In September, craft brewers and beer distributors were knocking heads over state regulations some viewed as favoring the interests of large beer distributors over these small brewers:
North Carolina politicians in Raleigh like to say they’re pro-jobs and pro-business.
But what happens when lawmakers are forced to pick sides between new, small businesses growing jobs and big legacy businesses trying to hold on to the market share they’ve got? Would it help you to know that the big legacy companies give hundreds of thousands of dollars in campaign contributions and the new small businesses are not yet organized?
There’s just such a battle brewing in North Carolina over beer – and who gets to distribute and market it. It pits a growing number of small craft brewers against big distributors. And the big distributors who are among the largest campaign contributors have state lawmakers on their side. […]
Hmmm. During this debate, Thom Tillis was serving as speaker of the House, determining what DOES and DOES NOT get a hearing in committee and on the floor. While all of this was going on in Raleigh, cash from adult beverage distributors was piling up in the speaker’s US Senate campaign treasury.
On August 15, the Tillis Senate campaign got $2600 from the VP of Charlotte-based Adams Beverages of NC. On June 19, the campaign got $2000 from the chairman of Greensboro-based R.H. Barringer Distributing Company. On September 9, Tillis for Senate got $1000 from a Goldsboro-based board member of R.A. Jeffreys.
Tillis for Senate got two contributions from the president of Greensboro-based R.A. Jeffreys: $2000 on June 19 and $1000 on August 6. On August 29, Lou Cunningham of Charlotte-based Cunningham Wholesale donated $1000. On June 26, Leigh Fanning of R.A. Jeffreys donated $2600.
On July 30, the VP of Sales for Salisbury-based United Beverage Company donated $250. The Goldsboro-based CEO of R.A. Jeffreys donated twice: $250 on August 29 and $500 on September 9. William Kennedy of Smithfield-based Mutual Distribution donated $2000 on September 16. The EVP of Raleigh-based Long Beverage donated $1000 on August 15 to Tillis for Senate.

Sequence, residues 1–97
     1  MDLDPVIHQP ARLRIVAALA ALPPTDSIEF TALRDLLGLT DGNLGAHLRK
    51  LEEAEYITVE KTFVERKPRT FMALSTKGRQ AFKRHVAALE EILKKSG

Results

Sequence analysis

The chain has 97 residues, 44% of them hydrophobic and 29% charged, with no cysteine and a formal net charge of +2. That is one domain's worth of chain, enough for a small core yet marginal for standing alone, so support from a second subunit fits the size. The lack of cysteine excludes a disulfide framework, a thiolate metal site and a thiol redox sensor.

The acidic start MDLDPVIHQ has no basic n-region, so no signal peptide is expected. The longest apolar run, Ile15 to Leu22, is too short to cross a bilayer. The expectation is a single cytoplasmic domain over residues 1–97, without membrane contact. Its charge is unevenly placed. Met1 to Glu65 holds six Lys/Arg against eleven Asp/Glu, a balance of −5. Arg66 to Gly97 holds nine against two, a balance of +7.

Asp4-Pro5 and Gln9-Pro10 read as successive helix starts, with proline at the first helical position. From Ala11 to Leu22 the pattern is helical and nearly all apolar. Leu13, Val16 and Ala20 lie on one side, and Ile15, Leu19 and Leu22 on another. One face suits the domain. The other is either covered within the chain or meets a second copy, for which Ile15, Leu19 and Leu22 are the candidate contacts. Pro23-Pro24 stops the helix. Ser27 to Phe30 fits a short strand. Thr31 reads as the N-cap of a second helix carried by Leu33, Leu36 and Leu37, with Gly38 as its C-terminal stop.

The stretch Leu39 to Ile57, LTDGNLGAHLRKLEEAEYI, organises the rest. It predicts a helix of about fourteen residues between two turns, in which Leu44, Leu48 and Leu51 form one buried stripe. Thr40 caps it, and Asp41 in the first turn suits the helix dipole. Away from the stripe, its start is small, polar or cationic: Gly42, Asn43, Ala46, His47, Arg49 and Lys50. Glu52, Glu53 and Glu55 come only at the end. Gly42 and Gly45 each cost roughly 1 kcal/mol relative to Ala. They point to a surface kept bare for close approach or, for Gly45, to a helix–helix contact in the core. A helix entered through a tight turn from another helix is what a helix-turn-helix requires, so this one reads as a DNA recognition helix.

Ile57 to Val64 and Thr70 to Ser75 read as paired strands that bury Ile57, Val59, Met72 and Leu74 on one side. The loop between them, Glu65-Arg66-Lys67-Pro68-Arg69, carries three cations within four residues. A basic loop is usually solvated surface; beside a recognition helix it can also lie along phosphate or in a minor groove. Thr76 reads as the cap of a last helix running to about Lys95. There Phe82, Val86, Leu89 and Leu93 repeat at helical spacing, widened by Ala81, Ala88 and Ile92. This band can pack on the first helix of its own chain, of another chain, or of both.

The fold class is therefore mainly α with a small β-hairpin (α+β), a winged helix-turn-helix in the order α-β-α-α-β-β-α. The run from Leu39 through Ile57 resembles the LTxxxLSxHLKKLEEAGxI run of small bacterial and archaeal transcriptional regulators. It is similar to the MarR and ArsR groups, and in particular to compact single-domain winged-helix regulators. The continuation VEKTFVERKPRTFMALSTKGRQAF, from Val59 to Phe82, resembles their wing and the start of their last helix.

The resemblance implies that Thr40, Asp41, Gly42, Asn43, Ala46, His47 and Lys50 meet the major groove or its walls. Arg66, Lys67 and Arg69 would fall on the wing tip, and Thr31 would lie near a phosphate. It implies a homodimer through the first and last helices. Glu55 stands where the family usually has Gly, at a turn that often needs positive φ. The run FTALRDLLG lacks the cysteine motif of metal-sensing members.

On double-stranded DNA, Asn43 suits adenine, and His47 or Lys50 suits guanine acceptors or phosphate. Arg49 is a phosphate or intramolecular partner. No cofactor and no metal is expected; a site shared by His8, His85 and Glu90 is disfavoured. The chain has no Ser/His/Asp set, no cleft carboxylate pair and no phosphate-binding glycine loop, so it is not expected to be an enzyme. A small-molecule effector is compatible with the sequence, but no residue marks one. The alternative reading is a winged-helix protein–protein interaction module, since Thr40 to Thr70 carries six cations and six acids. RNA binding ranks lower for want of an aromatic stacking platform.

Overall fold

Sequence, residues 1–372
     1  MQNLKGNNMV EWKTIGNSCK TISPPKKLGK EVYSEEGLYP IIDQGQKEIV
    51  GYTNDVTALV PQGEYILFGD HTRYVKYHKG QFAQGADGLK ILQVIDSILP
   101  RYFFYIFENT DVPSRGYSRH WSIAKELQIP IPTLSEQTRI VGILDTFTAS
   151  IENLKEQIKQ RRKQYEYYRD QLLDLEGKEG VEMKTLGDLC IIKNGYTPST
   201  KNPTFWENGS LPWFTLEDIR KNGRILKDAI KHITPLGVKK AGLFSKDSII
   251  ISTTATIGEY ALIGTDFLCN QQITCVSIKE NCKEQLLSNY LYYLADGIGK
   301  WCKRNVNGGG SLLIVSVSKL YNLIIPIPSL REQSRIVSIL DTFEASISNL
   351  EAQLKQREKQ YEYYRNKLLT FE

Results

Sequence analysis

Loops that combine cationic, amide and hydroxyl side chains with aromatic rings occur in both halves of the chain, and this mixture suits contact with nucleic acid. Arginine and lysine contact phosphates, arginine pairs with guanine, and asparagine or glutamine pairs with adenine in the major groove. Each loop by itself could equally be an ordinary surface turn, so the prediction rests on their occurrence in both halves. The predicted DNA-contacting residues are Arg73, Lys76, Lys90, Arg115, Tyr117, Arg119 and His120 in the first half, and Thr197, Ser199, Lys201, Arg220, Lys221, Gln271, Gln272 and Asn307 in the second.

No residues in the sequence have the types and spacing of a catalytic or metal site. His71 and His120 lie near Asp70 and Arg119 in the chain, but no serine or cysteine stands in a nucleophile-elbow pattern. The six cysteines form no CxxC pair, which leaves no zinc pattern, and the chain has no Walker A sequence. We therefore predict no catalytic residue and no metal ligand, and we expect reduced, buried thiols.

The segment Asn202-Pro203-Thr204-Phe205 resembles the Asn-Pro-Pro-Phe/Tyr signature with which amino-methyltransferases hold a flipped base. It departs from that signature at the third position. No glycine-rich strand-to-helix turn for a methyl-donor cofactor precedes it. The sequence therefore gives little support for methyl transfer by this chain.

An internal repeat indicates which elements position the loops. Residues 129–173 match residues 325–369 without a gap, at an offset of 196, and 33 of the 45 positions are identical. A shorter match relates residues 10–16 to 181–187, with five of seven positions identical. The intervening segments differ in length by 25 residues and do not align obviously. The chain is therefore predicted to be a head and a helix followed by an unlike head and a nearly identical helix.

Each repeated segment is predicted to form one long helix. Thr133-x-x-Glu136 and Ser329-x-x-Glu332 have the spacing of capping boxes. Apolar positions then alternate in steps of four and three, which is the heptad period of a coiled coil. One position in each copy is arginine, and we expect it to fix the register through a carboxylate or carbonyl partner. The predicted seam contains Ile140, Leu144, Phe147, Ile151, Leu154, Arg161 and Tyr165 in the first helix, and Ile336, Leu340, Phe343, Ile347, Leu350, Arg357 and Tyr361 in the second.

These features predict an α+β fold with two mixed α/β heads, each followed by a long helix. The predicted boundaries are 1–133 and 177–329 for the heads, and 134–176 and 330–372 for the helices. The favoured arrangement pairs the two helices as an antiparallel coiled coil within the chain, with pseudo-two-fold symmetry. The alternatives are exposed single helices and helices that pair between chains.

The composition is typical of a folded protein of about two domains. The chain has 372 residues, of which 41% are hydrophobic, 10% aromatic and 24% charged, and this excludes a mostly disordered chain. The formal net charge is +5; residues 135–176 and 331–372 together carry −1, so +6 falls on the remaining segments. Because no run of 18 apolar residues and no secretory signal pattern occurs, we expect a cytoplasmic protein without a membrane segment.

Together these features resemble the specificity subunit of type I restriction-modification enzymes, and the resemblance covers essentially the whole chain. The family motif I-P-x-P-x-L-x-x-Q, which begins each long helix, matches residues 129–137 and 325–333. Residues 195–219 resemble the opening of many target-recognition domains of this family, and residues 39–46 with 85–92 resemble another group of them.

On August 6, the owner of Coastal Beverage Company in Wilmington donated $1000 to Tillis for Senate. On June 13, William Powell of R. H. Barringer donated $1000. On June 17, Dean Proctor of Hickory-based United Beverages donated $2600. On September 16, William Riley of Clayton-based Mutual Distribution donated $2000. On August 15, Larry Robinson of Newton-based United Beverage donated $1000.
On August 15, Hickory-based beer wholesaler Dana Truitt donated $1000 to Tillis for Senate. On August 26, Rebecca Ward of Hickory-based United Beverage donated $1000. On August 15, Salisbury resident Paul Weisler of United Beverage donated $1000.
But, wait. There’s MORE:
[…]The number of craft breweries in North Carolina is growing rapidly. The state ranks 10th in the country in the number of craft breweries (70) but drops to 19th in overall beer production. Some small brewers say they could grow faster and generate more local jobs in North Carolina if lawmakers weren’t forcing them to hire outside distributors.
Lawmakers capped the amount of beer brewers can make before they are forced to hire outside distributors to transport and market their product. The law sets the cap at 25,000 barrels per year or 775,000 gallons.
One Charlotte brewer is joining others in pushing back against the cap – saying it’s bad for business and a job killer.
John Marrino poured his heart, soul and a lot of his own money into Old Mecklenburg Brewery before it ever poured its first beer. He started distributing the beer with a $10,000 truck he bought on Ebay. He’s obviously proud of the product – all natural with no additives, preservatives or artificial coloring.
In a day and age of tech startups, brewing German beer in a warehouse in south Charlotte is decidedly old school. But John thought it was the American way. Work hard. Work smart. Build a small business into a big business. And everyone profits. “It’s a virtuous cycle,” Marrino says. Workers get jobs. Workers spend money. Government collects taxes. A little something for everyone.
But John Marrino and Old Mecklenburg Brewery are on track to bump up against the legislature’s cap and be forced to hire an outside distributor. As soon as he hits the cap, he’ll be forced to give up control of distribution. He objects: “You’re supposed to be able to build something and not have someone take it away from you.”
Marrino says there’s a place for distributors. He subcontracts with one to handled bottled beer. But he says it should be up to brewers. He doesn’t understand why lawmakers have to get involved and tell him who to use to distribute his beer.
“Why do I have to drive it down South Boulevard to a distributor so he can drive it around the corner to a restaurant?” he asks.
Beer is unique. The North Carolina law forcing brewers to hire a distributor to truck their commodity to market applies only to beer.
“The bakery doesn’t have to use a distributor,” John says. “He can distribute his own bread.”
Beer distributors don’t just truck the beer to grocery stores and pubs. They also take over the exclusive right to market the brand – to get it on the shelves or the taps.
“We have to basically sell them the rights to our brand in a local territory,” Marrino said.
Right now Marrino’s sales team sells only his product. But distributors can carry 40 or 50 lines.
“The Coke distributor doesn’t carry Pepsi,” Marrino said. “They’re carrying competing products.” […]